The Monitor often hears from readers with questions about recommendations for great books that just can't be searched for online. We love these requests, and can often steer readers toward titles that fit the bill, or at least come close.
A reader writes:
A decade or more ago, the Monitor’s book review editor recommended a number of titles by modern Egyptian and Iranian authors, mostly mystery or crime thrillers or novels that highlighted the contemporary scene in both countries. Perhaps I have missed titles in those categories in recent months. Might you suggest titles for my reading pleasure?
– Kent Hackmann
Andover, New Hampshire
That's a great question. I’ve got a few suggestions here – terrific books, some fiction, some nonfiction.
Live from Cairo, by Ian Bassingthwaighte (2017) – In the author’s raucous and beautifully written fiction debut, a handful of people are caught in the chaos of Cairo in the wake of Hosni Mubarak’s overthrow and the Arab Spring.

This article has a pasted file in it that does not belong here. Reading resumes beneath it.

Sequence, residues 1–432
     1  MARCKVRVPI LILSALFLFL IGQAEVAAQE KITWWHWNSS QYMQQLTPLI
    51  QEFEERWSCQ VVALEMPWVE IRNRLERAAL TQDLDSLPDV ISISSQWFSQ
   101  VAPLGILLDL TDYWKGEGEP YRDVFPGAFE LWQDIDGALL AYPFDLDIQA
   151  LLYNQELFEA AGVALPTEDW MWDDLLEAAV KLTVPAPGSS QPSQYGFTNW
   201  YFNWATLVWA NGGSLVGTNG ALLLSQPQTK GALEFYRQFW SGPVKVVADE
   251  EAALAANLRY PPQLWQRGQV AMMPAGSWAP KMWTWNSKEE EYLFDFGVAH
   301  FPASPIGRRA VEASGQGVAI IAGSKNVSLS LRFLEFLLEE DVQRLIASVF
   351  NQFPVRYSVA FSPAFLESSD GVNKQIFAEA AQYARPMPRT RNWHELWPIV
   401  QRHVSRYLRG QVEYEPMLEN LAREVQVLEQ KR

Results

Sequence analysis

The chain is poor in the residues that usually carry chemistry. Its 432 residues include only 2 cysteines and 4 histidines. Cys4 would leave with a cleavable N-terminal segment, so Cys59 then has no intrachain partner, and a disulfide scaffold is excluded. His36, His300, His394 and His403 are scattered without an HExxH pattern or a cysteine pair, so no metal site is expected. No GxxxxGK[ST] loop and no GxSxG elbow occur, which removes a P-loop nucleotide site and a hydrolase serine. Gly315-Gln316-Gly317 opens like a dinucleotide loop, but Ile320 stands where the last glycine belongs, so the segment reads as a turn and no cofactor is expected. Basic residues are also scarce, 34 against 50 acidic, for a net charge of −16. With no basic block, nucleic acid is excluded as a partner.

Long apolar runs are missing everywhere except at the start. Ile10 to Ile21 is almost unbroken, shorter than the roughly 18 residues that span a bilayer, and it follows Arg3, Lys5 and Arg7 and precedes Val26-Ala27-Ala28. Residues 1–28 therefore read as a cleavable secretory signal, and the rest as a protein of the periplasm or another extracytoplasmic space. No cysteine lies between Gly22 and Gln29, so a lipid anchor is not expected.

The Makana Investigation series, by Jamal Mahjoub, writing under the pen name Parker Bilal – This terrific ongoing mystery series is set mostly in modern-day Cairo and stars a former Sudanese police inspector named Makana who manages to eke out a living as a refugee in Egypt – very atmospheric stuff!
The Blind Owl, by Sadegh Hedayat (1937) – An older title and arguably the most profound novel to come out of 20th-century pre-revolution Iran, this surreal little book has been translated a few times into English (the one I’d recommend is by Naveed Noori, published in 2012) and tells the story of a fundamentally changing country through the tortured psyche of its main character.
Children of Paradise, by Laura Secor (2016) – Longtime Iran reporter Laura Secor here takes an intimate, human look at the short-term and long-term effects of the 1979 revolution on ordinary people, and the mosaic that results is intensely interesting – and often very moving.
The Egyptians, by Jack Shenker (2017) – Jack Shenker, former Egypt correspondent for The Guardian, uses a wide array of interviews and firsthand reporting to shape a gripping portrait of Egypt in the overthrow of Hosni Mubarak and its effect on Egyptian society.
This article is part of our “Your Monitor” initiative.
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